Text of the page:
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Idaho Senate Approves Medicaid Expansion Bill With Work Requirements

Idaho Public Television

The Idaho Senate today [Tuesday] approved a compromise bill that would expand Medicaid in the state. The bill includes a work requirement, but it wouldn’t remove people who don’t fulfill that requirement.

During the last several weeks, Idaho lawmakers have been massaging Medicaid expansion bills. Last November, about 61% approved Proposition 2, which would make subsidized care available to thousands of people who can’t access it now. But conservative lawmakers have worried about the cost. There’s been a vigorous debate about what was the voters’ will. At least one version died in a legislative committee.

This edition started as a bill that would have had a voluntary work requirement for  Medicaid recipients. But it was changed to require 20 hours a week of work or community service to be able to get that care. There are several categories of exceptions. Sen. Mary Souza (R-Coeur d'Alene) says the exceptions would apply to about three-fourths of those who would be eligible.

“This bill does not drop anyone off of Medicaid expansion. At no time will they lose their coverage. It simply asks them to be accountable for a small co-pay if they fail to fulfill the 20-hour-a-week work requirement or volunteer or schooling or looking for work,” Souza said.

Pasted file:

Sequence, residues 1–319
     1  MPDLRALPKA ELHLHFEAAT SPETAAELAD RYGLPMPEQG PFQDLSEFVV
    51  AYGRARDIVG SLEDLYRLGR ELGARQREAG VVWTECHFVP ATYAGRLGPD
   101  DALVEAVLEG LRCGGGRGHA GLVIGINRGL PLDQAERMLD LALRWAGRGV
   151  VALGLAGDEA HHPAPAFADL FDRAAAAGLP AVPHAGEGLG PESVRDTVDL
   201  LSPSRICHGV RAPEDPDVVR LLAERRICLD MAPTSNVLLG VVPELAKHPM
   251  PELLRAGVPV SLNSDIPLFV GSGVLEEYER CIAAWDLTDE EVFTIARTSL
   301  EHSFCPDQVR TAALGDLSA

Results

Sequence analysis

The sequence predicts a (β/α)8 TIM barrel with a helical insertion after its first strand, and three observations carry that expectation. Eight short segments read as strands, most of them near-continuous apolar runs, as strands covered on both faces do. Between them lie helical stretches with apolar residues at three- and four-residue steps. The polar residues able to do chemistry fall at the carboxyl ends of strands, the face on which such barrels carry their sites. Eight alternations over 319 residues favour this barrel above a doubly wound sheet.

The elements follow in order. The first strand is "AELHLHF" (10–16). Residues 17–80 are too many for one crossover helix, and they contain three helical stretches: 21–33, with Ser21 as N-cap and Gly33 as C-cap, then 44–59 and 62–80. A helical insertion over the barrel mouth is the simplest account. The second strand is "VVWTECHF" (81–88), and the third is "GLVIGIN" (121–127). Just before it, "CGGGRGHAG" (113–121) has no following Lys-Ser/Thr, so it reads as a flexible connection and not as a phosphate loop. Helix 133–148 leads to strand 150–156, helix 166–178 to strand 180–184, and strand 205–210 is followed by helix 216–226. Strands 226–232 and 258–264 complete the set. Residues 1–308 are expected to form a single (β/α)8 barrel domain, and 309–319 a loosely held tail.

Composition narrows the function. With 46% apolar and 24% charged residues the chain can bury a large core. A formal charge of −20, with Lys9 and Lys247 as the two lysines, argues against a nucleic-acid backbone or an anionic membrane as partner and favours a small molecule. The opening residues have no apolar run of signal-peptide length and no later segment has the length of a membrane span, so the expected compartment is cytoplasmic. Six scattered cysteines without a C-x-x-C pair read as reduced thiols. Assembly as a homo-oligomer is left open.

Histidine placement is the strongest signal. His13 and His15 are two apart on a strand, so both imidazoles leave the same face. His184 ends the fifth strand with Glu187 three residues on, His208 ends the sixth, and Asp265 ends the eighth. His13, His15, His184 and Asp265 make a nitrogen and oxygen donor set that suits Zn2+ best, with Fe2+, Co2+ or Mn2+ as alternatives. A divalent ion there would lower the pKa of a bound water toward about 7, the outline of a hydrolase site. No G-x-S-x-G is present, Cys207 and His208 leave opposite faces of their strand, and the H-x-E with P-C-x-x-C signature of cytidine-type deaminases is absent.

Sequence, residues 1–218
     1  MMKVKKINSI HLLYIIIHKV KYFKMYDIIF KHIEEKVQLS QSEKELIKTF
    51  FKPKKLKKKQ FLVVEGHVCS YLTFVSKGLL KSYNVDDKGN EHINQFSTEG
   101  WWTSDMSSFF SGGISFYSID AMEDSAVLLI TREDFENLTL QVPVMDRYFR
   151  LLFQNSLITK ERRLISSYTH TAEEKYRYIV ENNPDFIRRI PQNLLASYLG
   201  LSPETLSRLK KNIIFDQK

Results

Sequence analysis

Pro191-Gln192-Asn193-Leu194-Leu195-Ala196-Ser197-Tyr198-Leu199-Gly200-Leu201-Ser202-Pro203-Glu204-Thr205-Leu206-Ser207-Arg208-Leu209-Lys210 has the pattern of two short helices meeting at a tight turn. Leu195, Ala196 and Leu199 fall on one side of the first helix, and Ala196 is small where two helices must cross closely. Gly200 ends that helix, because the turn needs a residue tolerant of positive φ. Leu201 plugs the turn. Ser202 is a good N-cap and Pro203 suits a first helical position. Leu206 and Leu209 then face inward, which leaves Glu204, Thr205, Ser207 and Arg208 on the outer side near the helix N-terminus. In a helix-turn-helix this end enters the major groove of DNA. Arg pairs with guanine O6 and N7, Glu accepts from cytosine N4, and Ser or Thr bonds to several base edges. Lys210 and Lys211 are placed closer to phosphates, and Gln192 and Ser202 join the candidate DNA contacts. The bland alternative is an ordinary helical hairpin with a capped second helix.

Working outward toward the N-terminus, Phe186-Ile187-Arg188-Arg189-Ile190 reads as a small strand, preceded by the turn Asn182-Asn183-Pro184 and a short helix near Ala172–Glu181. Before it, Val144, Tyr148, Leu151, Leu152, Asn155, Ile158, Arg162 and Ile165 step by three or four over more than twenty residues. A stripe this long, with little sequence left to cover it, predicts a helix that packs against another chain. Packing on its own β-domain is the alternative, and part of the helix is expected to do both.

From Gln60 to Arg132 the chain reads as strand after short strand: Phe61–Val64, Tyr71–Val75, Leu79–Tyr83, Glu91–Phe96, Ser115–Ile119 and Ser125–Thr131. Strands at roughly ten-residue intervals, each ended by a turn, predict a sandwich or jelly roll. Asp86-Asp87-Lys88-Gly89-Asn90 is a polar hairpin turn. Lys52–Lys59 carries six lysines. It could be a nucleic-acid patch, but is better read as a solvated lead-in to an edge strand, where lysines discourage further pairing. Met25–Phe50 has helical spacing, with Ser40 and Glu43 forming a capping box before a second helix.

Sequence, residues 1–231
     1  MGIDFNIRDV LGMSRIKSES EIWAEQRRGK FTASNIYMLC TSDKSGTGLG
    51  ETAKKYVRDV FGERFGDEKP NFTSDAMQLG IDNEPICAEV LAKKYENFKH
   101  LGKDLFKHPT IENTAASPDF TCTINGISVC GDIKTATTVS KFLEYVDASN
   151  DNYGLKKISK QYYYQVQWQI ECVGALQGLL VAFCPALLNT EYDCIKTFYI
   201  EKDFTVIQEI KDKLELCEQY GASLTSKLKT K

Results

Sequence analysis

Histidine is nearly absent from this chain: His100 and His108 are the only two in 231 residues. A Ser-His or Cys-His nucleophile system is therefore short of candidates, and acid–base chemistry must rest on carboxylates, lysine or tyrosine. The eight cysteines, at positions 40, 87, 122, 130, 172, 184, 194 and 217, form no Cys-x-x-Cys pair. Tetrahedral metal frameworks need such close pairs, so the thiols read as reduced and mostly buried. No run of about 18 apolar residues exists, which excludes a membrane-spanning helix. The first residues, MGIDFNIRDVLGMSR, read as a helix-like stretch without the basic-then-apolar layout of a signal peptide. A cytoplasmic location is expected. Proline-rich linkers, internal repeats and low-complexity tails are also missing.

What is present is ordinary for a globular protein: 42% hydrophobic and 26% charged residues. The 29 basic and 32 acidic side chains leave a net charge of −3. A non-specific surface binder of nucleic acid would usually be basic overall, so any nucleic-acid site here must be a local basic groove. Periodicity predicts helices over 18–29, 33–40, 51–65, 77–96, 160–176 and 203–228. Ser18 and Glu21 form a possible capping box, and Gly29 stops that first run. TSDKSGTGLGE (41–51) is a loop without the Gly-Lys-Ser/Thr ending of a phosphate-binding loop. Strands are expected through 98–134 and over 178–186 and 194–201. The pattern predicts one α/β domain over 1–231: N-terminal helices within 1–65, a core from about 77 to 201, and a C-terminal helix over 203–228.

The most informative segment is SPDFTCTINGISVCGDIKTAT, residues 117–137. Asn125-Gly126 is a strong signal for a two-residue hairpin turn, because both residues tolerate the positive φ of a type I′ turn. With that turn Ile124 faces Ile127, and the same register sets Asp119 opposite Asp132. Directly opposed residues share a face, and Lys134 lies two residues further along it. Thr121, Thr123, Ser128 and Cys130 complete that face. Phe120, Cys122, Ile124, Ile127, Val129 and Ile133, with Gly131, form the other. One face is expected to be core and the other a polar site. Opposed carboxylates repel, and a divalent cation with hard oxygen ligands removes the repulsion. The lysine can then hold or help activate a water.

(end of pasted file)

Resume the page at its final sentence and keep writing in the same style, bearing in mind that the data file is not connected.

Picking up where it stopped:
Sen. Jim Rice (R-Caldwell) says it’s a reasonable requirement for people who want public services. He says the bill would improve access to mental health and substance abuse counseling.

“Stuff that will help people move in a direction that allows them to take control of their lives. That’s important,” Rice said.

The vote was 20-to-15, with all seven Democrats voting against it. They wanted Medicaid with no strings attached, the measure the voters approved. Eight Republicans joined them, including the bill’s original sponsor, Sen. Fred Martin (R-Boise).

“I appreciate others who help others make lemonade out of their lemons. Unfortunately, in this case, I don’t believe the juice justifies the squeeze," Martin said.

The sponsors of the November initiative agree. They initially indicated they could support Martin’s bill with its voluntary work component. Now that has changed, they call this version a Frankenstein bill that is not in the best interests of Idaho.
The bill now moves to a House committee, which is scheduled to quickly take up the bill tomorrow as lawmakers look ahead to finishing their odd year session.